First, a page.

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Regarding the Euphoria, Duration and Questionableness of Discoveries in Art

The quote below is from "The Power of the Center : A Study of Composition in the Visual Arts" by Rudolf Arnheim

"This book has been entirely rewritten. There are paragraphs here and there and even an occasional page that have remained untouched, but more likely than not they will now be found in different places. A few illustrations have been added, others have been dropped, and a comparison between the table of contents of the earlier edition and that of the present one will show substantial rearrangements.

How can such thorough revamping be justified? How is it even possible? I shall try to explain. The first writing of the book was influenced by the happy realization that I had made a discovery. Composition, a prime requirement of any organized visual statement, has been discussed for centuries by artists, art theorists, and critics. Practical rules for proportion and spatial arrangement have been proposed; intuitive judgments of good and faulty balance have been presented: triangles and circles and all sorts of arrows have been drawn on reproductions of works of art. Some of these devices looked more convincing than others, but most of them applied to particular works of art or to particular styles. Principles of composition that might apply universally to buildings, sculpture, and painting, to the applied arts as well as the fine ones, regardless of their place and time of origin, were not sought out. They were considered unattainable and perhaps undesirable.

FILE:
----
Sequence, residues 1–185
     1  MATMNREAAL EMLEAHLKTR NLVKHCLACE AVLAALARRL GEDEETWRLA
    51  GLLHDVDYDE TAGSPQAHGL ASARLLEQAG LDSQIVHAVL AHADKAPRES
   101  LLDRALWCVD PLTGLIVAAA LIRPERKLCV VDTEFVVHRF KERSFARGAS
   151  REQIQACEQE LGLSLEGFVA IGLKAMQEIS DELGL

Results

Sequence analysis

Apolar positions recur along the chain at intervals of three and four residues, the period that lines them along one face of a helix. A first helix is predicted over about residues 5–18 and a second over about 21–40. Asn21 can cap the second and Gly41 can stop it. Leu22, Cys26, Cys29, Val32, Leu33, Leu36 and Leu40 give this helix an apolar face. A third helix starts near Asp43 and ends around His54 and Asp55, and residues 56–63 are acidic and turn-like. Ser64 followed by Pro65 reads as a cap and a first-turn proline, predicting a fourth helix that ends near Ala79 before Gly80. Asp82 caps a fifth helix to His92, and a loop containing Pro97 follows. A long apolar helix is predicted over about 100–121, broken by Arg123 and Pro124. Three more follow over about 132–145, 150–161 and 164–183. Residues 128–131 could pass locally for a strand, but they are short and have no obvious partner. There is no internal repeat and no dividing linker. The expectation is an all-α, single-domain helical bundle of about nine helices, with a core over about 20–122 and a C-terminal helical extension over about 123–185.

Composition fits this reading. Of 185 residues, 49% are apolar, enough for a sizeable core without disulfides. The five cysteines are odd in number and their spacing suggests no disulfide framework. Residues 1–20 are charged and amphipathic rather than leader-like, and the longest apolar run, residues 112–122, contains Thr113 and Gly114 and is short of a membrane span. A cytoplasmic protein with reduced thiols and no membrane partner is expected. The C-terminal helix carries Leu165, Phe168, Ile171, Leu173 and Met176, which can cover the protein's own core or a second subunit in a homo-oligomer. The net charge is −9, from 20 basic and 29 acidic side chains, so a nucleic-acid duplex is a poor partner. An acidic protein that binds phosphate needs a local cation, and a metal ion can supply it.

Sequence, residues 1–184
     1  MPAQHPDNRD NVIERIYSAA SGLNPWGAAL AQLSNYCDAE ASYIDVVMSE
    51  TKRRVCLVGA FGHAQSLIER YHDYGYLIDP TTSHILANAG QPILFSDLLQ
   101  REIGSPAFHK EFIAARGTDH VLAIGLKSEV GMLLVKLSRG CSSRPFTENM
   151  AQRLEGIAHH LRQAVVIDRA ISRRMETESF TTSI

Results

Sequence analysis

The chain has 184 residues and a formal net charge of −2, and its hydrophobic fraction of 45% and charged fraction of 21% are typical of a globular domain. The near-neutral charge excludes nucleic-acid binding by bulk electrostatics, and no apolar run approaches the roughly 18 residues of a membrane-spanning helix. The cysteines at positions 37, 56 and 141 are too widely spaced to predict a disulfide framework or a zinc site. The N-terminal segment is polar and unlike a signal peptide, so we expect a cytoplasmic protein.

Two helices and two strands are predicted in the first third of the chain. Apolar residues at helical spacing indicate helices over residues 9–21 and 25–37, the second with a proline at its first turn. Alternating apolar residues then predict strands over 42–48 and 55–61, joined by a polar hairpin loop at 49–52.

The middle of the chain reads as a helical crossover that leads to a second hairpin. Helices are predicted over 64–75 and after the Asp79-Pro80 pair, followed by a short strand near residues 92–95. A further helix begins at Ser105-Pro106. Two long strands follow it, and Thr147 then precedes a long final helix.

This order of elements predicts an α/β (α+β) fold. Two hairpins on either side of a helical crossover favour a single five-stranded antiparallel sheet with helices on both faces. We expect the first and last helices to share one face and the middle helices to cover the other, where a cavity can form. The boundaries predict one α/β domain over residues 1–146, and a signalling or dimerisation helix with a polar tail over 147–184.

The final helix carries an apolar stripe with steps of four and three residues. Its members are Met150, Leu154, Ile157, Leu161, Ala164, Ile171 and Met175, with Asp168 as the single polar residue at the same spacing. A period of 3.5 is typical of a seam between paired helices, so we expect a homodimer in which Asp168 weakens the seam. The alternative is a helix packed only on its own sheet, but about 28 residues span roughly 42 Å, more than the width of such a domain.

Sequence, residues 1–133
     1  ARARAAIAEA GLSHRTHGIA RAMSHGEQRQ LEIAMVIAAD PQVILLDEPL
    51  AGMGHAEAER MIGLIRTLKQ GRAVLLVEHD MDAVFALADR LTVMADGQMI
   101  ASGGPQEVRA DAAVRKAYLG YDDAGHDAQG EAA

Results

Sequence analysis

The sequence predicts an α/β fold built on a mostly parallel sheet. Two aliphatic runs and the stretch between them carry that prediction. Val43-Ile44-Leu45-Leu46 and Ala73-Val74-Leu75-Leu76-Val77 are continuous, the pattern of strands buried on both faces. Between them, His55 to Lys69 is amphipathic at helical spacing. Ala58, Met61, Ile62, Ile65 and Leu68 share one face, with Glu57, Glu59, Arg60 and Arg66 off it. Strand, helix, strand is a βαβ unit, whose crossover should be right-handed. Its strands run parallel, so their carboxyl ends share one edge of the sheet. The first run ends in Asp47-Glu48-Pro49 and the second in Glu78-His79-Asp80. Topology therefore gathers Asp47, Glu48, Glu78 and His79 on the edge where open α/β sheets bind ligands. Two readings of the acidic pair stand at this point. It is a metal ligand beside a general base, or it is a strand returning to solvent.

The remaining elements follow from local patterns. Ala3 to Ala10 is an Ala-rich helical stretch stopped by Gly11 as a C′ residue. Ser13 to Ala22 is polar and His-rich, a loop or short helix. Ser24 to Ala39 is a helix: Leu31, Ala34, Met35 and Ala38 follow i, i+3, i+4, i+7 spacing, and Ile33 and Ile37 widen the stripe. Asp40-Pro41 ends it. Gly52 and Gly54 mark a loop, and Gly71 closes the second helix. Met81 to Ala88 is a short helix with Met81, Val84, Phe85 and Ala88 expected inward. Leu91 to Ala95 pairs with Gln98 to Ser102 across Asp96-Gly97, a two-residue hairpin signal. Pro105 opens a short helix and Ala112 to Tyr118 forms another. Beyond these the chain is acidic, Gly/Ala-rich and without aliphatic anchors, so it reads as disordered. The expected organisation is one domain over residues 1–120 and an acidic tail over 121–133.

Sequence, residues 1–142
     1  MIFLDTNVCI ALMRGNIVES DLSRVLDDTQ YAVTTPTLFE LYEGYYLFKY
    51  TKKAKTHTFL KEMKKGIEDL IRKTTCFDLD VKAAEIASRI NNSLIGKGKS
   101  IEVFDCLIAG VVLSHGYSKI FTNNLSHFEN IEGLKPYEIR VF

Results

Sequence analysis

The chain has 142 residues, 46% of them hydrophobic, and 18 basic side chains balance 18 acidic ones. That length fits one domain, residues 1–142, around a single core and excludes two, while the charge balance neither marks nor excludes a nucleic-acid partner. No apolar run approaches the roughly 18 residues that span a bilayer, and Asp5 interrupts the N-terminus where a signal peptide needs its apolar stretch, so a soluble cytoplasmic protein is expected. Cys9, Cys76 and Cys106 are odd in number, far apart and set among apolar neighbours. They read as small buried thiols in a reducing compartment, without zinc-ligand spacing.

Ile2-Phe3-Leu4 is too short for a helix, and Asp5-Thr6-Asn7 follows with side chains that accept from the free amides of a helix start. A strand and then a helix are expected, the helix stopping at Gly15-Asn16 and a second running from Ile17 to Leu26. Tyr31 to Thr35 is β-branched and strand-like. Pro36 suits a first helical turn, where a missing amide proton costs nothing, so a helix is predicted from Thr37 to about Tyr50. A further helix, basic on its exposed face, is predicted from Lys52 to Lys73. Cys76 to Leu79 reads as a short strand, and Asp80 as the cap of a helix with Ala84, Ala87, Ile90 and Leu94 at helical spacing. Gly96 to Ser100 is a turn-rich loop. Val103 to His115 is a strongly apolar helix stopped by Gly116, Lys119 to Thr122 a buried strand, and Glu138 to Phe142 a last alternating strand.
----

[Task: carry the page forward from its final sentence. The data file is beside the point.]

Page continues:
My own training and inclination have always led me to what things have in common rather than what distinguishes them. Looking at the offering of the arts of the ages as the collective attempt of mankind to explore the endlessly variable ways of giving shape to one thing, art, I became increasingly convinced that composition, in whatever style or medium, derived from the interaction of two visual principles, which I now call the centric and the eccentric systems. I began to see reasons for the necessary universality of these principles, and as the search for them opened my eyes to the organization and meaning of more and more works in the various forms of art, I felt ready to give an account of what I had found. The mounting evidence telling me that what I was seeing could be seen everywhere and the euphoria accompanying this discovery and confirmation led me to write the first version of the book in the order dictated by inspiration..."